In order to halt or mitigate an epidemic, targeted immunization interventions or social distancing interventions aim to change the structure of the network of susceptible individuals in such a way as to make it harder for a pathogen to spread

(a) The correlation coefficient ^{2}

Color code denotes the difference in the average final size _{m}_{degree}_{betweenness}_{degree}_{randomwalk}_{betweenness}_{randomwalk}

To test the efficiency of targeted immunization strategies on real networks, we used interaction data of individuals at five different universities in the US taken from a social network website

The bars show the difference in the average final size _{m}_{degree}_{randomwalk}_{acquaintance1}_{CBF}_{acquaintance2}_{CBF}

In practice, identifying immunization targets may be impossible using such algorithms, because the structure of the contact network relevant for the spread of a directly transmissible disease is generally not known. Thus, algorithms that are agnostic about the full network structure are necessary to identify target individuals. The only algorithm we are aware of that is completely agnostic about the network structure network structure identifies target nodes by picking a random contact of a randomly chosen individual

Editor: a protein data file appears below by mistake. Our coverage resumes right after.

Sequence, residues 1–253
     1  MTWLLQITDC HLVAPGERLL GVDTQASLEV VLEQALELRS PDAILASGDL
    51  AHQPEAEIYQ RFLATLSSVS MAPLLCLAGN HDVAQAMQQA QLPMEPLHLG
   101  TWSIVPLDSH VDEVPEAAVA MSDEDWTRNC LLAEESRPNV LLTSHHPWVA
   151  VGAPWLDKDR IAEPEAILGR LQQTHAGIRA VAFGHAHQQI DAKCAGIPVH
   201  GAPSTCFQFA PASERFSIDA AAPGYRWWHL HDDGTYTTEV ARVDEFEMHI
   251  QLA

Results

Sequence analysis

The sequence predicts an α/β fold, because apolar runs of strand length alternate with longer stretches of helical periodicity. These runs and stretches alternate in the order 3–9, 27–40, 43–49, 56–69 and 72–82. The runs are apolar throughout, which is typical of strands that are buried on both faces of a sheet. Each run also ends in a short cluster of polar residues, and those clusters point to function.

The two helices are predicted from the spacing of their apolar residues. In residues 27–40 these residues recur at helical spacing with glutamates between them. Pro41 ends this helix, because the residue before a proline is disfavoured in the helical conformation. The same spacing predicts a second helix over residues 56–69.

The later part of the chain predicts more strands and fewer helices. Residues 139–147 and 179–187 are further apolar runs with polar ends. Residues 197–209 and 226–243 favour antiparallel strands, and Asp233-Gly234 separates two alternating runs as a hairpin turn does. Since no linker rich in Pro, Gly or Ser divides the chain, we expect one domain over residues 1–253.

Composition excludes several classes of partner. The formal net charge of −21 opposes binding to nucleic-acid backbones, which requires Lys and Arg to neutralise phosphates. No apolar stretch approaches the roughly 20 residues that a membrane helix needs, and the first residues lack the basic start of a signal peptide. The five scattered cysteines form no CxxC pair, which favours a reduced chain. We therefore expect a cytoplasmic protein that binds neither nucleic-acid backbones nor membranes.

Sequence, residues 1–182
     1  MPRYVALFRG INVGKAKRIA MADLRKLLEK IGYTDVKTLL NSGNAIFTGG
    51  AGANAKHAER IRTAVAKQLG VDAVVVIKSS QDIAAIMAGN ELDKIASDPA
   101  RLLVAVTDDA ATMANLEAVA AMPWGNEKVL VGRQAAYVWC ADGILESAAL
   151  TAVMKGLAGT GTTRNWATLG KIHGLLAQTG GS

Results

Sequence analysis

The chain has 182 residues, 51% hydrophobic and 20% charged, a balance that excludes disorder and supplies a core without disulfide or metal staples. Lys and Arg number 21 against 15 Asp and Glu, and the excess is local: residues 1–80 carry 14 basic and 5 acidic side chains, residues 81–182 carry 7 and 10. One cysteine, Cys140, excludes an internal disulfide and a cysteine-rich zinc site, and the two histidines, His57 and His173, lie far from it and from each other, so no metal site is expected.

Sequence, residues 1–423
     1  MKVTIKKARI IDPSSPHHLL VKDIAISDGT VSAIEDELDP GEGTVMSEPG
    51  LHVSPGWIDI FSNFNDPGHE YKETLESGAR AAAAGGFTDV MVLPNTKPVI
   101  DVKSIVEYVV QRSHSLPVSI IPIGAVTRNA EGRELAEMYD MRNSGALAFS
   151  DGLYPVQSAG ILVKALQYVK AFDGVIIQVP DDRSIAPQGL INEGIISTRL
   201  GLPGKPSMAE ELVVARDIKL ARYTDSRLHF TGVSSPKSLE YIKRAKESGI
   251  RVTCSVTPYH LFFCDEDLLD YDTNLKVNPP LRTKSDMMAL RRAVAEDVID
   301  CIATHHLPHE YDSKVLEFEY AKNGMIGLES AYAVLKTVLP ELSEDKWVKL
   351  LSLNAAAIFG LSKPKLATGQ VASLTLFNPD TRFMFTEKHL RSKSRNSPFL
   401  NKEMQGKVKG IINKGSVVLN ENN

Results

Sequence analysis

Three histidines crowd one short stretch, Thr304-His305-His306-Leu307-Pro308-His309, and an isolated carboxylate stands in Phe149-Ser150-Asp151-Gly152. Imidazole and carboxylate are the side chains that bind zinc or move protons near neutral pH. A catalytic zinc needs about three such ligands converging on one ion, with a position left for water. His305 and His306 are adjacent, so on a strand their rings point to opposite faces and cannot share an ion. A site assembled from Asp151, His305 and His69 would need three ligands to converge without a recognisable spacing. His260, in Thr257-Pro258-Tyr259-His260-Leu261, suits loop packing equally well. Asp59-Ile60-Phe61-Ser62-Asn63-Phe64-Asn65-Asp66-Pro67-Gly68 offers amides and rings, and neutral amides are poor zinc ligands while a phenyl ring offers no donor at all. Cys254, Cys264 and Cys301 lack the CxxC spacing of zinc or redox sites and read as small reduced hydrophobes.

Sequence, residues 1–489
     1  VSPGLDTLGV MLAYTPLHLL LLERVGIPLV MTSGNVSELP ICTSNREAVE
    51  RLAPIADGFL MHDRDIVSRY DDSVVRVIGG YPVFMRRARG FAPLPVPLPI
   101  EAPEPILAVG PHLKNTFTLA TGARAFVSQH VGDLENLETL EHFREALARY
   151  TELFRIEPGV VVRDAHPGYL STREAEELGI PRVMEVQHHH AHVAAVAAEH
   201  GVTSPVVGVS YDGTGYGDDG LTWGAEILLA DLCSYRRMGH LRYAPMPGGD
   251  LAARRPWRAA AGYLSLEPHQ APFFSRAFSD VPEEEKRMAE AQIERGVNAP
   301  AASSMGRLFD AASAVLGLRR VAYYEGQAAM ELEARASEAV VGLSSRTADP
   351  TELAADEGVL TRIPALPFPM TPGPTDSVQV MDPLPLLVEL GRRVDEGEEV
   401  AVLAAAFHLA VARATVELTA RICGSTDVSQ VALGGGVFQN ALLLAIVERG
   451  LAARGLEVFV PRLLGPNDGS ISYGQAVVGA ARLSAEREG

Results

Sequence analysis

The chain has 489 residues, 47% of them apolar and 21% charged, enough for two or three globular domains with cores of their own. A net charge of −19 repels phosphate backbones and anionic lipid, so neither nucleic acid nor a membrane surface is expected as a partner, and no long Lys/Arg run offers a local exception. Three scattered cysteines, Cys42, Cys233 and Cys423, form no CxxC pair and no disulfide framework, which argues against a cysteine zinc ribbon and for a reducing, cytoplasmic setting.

It is important to note a crucial difference between algorithms such as CBF (henceforth called stochastic algorithms) and algorithms such as those that calculate, for example, the betweenness centrality of nodes (henceforth called deterministic algorithms). A deterministic algorithm always needs the complete information about each node (i.e. either the number or the identity of all connected nodes

In the computationally generated networks, CBF outperformed the acquaintance method in large areas of the parameter space (

In empirical networks, CBF did particularly well on the network with the strongest community structure (Oklahoma), especially in comparison to the similarly effective acquaintance method with